College Football Playoff Ranking All 24 Teams From 2014-2019

College Football Playoff Ranking All 24 Teams From 2014-2019

College Football Playoff

College Football Playoff Ranking All 24 Teams From 2014-2019

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There have been 24 teams that made the tournament in the College Football Playoff era. How would the committee rank them?


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Now that we know how the College Football Playoff committee has gone through its process through the first six years of this grand experiment, what if we took all the precedents and all the thoughts and applied them to all 24 teams that made it into the tournament?

There’s obviously a reason why some teams are ranked where they were in a given season, but the criteria has changed a wee bit here and there – the CFP really likes the four best teams belief – so there’s some adjusting to do.

So let’s say the committee had to seed all 24 teams from 2014 to 2019. How would it rank them?

One key note: pretend we don’t know what actually happens in any of the playoffs. Forget about the results, as amazing or ugly as they might have been. This is strictly going on the merits of each team at the end of each regular season.

One other rule – this is going by what the committee did in each year. So if 2014 Ohio State was fourth in the final CFP rankings and Florida State was third, in this, Ohio State has to be ranked behind Florida State.

The (#) after each team is the final College Football Playoff ranking in a given year.

The all-time College Football Playoff top 24 would be (again, remember, we don’t know how this all turns out in each of the playoffs) …

24. 2016 Washington (12-1)

The Case For: The Pac-12 Championship meant just about everything to the Huskies’ case. They didn’t just beat Colorado (10), they brought a 41-10 stomping.

The Huskies looked like the real deal on both sides of the ball for most of the year, destroying Christian McCaffrey and Stanford (18) 44-6, and rolling through Utah (19) on the road.

The Case Against: The resumé stinks. The Pac-12 was awful in 2016, and the UW non-conference schedule was worse, facing Rutgers, Idaho and Portland State. The hottest team going was USC (9), and Washington didn’t just lose, it lost at home 26-13.

Final Decision: The speed and talent are there, but the resumé wins aren’t. There wasn’t anything in non-conference play to get excited about.

23. 2017 Alabama (11-1)

The Case For: There’s a whole lot of talent on both sides of the ball. When it was focused and rose up from time to time – like against Ole Miss in a 66-3 win – it was fantastic.

The Crimson Tide ended up beating six bowl teams including LSU (17) and Mississippi State (23). Crushing Fresno State 41-10 turned out to be a far better than it looked at the time.

The Case Against: Where were the big wins? The Crimson Tide struggled against a mediocre Texas A&M, it was just okay against LSU and Mississippi State, and while beating Florida State was good, that turned out to be a way overrated Seminole squad. Throw in the double-digit loss to Auburn – the one good team on the slate – and there’s nothing here.

And, of course, there’s the huge problem of not winning a division or a conference championship in a down year for the SEC – Auburn won the West and Georgia won the conference.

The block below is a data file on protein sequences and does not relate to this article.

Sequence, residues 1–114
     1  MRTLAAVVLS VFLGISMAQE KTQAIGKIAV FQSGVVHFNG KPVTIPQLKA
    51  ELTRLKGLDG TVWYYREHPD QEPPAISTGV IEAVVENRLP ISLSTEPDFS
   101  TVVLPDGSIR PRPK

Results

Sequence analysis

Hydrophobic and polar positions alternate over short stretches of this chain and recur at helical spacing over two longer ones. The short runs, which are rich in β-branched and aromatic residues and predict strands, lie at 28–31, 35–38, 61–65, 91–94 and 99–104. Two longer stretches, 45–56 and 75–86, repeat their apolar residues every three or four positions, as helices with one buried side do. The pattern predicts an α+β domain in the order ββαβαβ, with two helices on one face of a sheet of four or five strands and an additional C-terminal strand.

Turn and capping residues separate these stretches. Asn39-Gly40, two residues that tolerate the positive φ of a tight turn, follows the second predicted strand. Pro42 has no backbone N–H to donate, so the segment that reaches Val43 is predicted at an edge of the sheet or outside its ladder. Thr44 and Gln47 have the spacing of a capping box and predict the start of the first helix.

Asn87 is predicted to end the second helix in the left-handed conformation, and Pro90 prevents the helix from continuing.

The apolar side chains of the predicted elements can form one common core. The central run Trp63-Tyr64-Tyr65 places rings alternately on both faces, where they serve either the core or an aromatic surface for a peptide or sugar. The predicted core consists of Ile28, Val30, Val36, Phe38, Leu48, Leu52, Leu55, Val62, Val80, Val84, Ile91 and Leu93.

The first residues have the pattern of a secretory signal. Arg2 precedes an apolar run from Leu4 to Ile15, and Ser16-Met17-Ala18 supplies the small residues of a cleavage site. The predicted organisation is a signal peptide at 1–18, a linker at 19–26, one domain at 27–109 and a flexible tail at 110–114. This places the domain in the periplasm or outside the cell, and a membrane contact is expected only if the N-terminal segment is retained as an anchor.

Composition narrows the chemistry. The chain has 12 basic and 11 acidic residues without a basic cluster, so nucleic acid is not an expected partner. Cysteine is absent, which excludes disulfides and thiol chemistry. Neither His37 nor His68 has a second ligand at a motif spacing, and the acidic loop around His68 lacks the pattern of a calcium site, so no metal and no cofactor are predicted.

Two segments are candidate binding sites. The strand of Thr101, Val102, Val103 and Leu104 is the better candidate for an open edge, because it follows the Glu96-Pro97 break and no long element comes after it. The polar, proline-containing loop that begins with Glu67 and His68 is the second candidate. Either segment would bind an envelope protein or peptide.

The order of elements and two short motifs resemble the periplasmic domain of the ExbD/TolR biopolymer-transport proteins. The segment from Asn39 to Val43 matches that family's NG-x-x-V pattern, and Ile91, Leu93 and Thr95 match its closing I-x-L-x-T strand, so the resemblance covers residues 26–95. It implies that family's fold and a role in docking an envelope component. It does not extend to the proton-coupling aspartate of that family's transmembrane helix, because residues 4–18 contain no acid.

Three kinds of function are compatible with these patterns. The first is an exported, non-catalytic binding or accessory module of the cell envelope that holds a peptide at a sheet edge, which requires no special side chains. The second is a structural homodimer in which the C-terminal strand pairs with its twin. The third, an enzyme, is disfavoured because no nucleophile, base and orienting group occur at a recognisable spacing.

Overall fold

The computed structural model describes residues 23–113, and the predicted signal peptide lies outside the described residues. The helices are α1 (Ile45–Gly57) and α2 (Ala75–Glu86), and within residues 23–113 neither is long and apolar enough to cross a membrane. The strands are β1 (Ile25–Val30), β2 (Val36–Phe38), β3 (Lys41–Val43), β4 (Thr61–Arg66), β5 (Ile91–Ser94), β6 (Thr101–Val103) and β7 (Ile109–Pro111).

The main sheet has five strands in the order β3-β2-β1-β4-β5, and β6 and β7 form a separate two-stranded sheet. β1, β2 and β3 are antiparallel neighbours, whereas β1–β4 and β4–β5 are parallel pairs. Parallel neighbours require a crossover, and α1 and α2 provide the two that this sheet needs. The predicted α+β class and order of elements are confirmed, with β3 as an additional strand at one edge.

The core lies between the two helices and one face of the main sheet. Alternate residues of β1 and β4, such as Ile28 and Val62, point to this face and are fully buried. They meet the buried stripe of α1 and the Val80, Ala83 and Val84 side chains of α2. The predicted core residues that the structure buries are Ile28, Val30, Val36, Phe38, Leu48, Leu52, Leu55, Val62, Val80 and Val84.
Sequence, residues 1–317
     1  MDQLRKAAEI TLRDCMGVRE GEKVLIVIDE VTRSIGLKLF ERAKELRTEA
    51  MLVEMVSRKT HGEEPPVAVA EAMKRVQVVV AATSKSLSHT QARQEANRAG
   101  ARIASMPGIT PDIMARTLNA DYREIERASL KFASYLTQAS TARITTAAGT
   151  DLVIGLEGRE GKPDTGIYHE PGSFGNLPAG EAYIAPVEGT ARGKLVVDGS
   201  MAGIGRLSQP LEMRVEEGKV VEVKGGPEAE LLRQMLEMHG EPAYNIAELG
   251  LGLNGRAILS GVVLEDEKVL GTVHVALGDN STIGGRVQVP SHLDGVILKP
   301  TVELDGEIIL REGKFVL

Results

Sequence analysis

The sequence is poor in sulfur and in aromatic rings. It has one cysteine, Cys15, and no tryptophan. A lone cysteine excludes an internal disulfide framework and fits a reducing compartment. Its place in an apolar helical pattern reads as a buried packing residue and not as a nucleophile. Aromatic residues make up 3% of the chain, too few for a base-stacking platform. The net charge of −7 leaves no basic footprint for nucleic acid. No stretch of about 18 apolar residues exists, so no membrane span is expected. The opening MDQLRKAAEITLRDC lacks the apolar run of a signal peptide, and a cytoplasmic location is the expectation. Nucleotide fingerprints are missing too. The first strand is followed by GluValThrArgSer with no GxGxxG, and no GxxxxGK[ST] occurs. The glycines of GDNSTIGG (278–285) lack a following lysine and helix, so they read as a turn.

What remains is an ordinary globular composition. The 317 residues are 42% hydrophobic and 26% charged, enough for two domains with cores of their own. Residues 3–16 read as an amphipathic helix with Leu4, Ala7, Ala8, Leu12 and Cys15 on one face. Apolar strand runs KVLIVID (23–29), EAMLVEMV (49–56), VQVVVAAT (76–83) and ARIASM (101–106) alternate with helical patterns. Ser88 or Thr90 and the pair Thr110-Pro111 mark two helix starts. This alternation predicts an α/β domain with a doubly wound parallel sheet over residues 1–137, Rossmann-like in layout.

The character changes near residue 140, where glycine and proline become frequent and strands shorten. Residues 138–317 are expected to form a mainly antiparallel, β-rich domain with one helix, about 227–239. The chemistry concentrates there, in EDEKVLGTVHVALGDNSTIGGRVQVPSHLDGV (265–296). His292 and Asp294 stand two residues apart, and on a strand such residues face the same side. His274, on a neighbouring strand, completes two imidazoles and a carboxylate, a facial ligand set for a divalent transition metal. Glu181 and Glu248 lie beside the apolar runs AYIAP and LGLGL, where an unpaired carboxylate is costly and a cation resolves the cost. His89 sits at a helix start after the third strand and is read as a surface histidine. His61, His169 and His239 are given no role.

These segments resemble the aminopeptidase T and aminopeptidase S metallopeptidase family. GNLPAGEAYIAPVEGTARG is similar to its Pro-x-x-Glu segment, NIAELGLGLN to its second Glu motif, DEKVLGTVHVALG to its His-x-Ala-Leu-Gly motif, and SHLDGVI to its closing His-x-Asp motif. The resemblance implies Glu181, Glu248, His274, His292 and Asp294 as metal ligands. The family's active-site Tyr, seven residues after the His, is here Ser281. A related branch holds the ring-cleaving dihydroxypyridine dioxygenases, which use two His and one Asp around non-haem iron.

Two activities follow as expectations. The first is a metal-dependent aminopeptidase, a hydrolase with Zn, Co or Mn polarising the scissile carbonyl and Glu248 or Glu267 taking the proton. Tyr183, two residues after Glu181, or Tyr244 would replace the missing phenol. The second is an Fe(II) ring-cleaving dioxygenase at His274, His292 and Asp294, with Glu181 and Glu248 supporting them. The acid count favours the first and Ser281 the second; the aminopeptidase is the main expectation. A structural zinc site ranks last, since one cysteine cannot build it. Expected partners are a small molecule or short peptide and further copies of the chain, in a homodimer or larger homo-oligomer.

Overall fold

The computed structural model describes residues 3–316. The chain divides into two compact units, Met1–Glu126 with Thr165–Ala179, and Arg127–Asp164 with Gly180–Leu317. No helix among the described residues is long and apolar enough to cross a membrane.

Final Decision: On talent and reputation, the Crimson Tide could hang with anyone, and they could certainly get hot and win two games against anyone on this list. But based on eye test and resumé, this team is just okay compared to some of Nick Saban’s juggernauts.

22. 2015 Oklahoma (11-1)

The Case For: As far as non-conference wins go, the comeback against Tennessee (23) on the road is the important tone-setter for everything else. The offense picked up steam from there, scoring 41 points or more nine times, including a 44-34 win at Baylor (17).

In the key final two games of the season, OU came through, taking down TCU (11) 30-29, and beating Oklahoma State (16) on the road in a 58-23 blowout.

The Case Against: The loss was in a rivalry fight with Texas, but it was still unacceptable – the Longhorns suffered a losing season. The defense didn’t always pass the eye test, and overall, the Big 12 was okay, not amazing. Not having a conference championship game isn’t that big a drag, but 11-1 is obviously different than 12-1.

Final Decision: The offense was terrific, and there some nice wins, but beating Tennessee didn’t turn out to be quite like it was supposed to be, and the 11 wins come across as a bit light in the no-big-deal Big 12 of 2015.

21. 2019 Oklahoma (12-1)

The Case For: The offense was spectacular. It was the best in the nation in total yards throughout the season, the defense led the Big 12 in total D and there was a whole lot of pop and explosion finishing second behind LSU.

Beating Baylor (7) twice was impressive, and the win over Oklahoma State (25) adds on another top 25 victory. Unlike a few others on this list. the Sooners won a Power Five conference title.

The Case Against: It took way too much work to get by mediocre Iowa State and TCU teams, and the loss to Kansas State is glaring. It wasn’t a miserable defeat, but considering the overall resumé isn’t all that strong – there was nothing in non-conference play to get excited about – the 12-1 record knocks down the Sooners.

Final Decision: The committee would like the offense, but would be worried about the close calls, and the big wins over Baylor weren’t that great, even if it came against the CFP’s seventh-ranked team. There’s a whole lot not to like according to the overall eye test.

NEXT: College Football Playoff teams: Top 20

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